You know how much love and joy that your dog brings to your life. Even so, many people are surprised to find that losing a pet can be as hard, or even harder, than losing a human friend. Our relationships with our pets are so close and constant – moreover, we feel responsible for safeguarding our dogs’ health and comfort in a way that we don’t for our human friends. And since pets can’t tell us what they want – we have to make all of their medical decisions, including euthanasia, for them. For these reasons, having to part with a beloved companion can be the hardest time in a dog owner’s life. If you or someone you know has lost a pet, understanding pet bereavement can be a great comfort.
For many people, all the emotions of grieving start when we realize that the dog’s health is failing. The dog is still very much alive, but we start grieving when we anticipate the end. It’s so hard to make important decisions about medical care when one’s heart is in anguish. Many people become acutely focused on every aspect of their dog’s last days, particularly which treatments to give, what plans to make, and when to say goodbye. Enjoying what time remains can be clouded by knowing what lies ahead.
The emotions of grieving are profound; they include shock, anger, guilt, and painful memories of other losses. Shock is the mind’s way of temporarily protecting itself from terrible news; people describe feeling numb, or may say, “I can’t believe this is happening.” Although shock helps soften the blow from learning bad news about a pet’s health, it can make rational decision making almost impossible. Fortunately, most diseases allow owners to take the time to let the shock pass and to come to a rational decision about whether to go forward with tests and treatment.
Guilt is always part of grieving: it is impossible to experience loss without regret for things we could have done better, or for things we wish we hadn’t done. Modern medicine, and all the options it makes available, leaves so much room for people to second guess their decisions. Euthanasia is often fraught with guilt – many owners feel regret, wondering if they made the decision too soon or too late. Expect to feel guilt and try to give yourself understanding. In most cases, different decisions would not have affected the long term outcome for your dog. Coping with guilt involves realizing that every decision was made in love, and that many aspects of illness and death are truly beyond our control.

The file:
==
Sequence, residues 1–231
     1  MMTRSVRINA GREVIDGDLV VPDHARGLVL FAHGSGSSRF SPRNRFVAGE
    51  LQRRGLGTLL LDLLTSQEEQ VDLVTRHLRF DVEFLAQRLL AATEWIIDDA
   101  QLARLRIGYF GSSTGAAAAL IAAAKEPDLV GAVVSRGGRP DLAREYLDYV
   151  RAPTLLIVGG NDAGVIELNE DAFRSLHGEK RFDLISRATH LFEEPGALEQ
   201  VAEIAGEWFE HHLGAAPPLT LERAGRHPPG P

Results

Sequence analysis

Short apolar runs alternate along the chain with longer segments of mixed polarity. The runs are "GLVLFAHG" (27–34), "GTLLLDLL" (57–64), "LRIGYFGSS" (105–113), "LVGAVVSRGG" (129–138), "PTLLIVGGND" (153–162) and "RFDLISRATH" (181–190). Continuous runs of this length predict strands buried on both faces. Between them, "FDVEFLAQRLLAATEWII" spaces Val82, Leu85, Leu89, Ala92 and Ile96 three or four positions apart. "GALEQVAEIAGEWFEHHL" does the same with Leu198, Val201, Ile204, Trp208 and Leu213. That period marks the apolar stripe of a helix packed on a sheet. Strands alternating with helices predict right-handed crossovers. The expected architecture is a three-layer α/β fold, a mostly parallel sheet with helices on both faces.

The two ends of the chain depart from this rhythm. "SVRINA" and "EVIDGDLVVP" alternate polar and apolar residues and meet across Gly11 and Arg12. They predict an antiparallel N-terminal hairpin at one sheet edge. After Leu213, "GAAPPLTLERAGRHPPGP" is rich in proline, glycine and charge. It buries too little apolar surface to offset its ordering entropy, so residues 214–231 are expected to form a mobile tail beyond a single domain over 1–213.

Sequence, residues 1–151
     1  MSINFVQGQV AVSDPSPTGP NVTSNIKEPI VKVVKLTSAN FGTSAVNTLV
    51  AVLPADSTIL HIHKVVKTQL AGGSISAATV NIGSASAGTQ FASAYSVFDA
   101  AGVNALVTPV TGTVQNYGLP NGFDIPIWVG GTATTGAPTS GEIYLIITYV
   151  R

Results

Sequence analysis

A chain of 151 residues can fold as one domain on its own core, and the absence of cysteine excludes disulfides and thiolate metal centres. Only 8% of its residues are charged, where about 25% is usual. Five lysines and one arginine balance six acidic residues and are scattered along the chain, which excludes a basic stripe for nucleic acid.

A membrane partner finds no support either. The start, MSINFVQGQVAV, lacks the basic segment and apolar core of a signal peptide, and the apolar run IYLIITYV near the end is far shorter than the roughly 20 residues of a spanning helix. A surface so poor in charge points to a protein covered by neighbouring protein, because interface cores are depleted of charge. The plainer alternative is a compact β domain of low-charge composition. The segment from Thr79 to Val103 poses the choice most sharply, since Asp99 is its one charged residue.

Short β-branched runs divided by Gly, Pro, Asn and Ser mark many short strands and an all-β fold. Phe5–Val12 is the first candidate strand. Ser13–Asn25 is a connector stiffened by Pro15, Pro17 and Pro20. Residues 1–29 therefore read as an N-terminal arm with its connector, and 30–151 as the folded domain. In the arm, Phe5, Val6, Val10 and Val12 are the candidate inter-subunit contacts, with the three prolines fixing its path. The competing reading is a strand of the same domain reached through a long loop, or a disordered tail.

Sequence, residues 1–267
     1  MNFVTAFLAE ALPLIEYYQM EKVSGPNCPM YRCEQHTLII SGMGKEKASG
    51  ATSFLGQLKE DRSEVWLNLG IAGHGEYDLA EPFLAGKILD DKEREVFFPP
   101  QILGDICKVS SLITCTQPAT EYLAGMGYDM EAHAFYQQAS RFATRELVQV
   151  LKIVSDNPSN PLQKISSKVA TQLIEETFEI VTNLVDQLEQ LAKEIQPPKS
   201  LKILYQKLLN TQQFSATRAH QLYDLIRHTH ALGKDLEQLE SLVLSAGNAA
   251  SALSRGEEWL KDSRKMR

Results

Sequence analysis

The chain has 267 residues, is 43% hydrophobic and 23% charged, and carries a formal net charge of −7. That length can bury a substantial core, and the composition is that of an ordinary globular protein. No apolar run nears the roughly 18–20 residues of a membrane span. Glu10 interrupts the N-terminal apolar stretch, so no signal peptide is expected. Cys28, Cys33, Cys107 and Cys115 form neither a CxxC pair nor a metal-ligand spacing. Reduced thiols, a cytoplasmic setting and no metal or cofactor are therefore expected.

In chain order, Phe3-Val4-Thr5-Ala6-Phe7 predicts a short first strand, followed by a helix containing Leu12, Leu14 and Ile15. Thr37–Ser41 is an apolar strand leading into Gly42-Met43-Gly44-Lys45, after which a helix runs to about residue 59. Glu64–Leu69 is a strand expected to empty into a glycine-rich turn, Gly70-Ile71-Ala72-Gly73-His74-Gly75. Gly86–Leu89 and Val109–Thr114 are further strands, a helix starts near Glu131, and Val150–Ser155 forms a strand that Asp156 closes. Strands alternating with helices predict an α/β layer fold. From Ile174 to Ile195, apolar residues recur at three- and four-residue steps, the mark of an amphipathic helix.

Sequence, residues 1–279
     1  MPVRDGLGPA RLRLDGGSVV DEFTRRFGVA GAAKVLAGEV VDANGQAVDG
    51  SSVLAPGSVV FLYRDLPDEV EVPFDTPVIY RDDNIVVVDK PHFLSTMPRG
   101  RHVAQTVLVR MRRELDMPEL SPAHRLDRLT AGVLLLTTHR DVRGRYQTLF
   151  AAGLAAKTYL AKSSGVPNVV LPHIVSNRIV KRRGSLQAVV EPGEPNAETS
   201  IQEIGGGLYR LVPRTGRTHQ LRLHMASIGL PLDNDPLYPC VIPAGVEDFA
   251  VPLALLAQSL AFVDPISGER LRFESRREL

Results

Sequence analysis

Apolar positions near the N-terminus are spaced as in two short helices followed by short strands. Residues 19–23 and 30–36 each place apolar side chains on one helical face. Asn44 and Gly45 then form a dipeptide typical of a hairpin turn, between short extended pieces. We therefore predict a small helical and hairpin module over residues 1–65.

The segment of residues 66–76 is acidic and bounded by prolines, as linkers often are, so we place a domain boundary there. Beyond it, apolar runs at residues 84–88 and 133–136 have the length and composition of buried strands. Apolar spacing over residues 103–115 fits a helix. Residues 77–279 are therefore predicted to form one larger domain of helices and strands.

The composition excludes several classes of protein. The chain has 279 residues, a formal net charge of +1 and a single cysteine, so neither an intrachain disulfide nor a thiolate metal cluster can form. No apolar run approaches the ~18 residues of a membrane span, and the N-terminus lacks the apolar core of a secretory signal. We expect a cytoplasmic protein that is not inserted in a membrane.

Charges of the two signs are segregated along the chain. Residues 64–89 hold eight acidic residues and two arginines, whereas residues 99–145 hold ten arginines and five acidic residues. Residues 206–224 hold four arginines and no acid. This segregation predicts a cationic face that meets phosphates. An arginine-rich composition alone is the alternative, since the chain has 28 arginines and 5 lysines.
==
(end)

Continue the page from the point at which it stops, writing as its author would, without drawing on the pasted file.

When you lose your dog, make sure that you give yourself time to reflect and recover. Try to remember your pet’s entire life, not just those last weeks and days. Find comfort in knowing that you gave your pet a loving home, and forgive yourself for anything that could have been better – your dog would surely forgive you. Expect to have good days and bad days as you miss your friend. It is very common for strong emotions to catch you by surprise, especially because so many places, objects, and anniversaries can trigger powerful memories. Healing happens at its own pace; give yourself time and don’t try to make yourself “get over it” by any deadline or according to anyone else’s expectations. Grief can resurface days, months, and even years later – this is natural when remembering those we have lost. If feelings of grief seem overwhelming, seek support from people who understand. This may be a friend, a support group (in person or online), or a counselor. You’ll know that your heart is healing when you can remember beautiful times with smiles, even if there are still tears.
If you are comforting a friend who has lost their dog, the most important thing is to show that you understand and care. Many friends feel awkward and search in vain for some magic words that will heal the hurt, or they avoid the situation altogether. But simply expressing concern can work wonders for aching hearts. Reach out with calls or visits rather than expecting your grieving friend to contact you. Listen, hug, and be there for them, but don’t expect to take away their pain – only time can do this. Realize that everyone has their own way of grieving, some people want to take a break from daily life, while others try to stay busy. Some like to talk, while others keep strong emotions to themselves.
Suggestions for memorializing a pet include making a photo album or video montage, or writing a poem, story or eulogy. These can be shared with friends, online or in person. Keepsakes such as a paw print, lock of hair, tags, or a memorial stone can make a pet’s memory more tangible. Consider making a donation to charity in your dog’s name or lighting a candle each day and remembering the love you shared.
The biggest part of healing is seeing your dog’s life in its entirety, including his or her amazing abilities to live in the present, to find happiness in the simplest things, and to share unbounded love. We owe our dogs the honor of remembering the best parts of their lives, and our joy in sharing our lives with them.
Dr. Ivey founded Peace for Pets to provide compassionate euthanasia services in the comfort of pets’ homes. She is a pet bereavement counselor certified by the Association for Pet Loss & Bereavement. For more information about pet loss and Peace for Pets, visit www.PeaceForPets.net.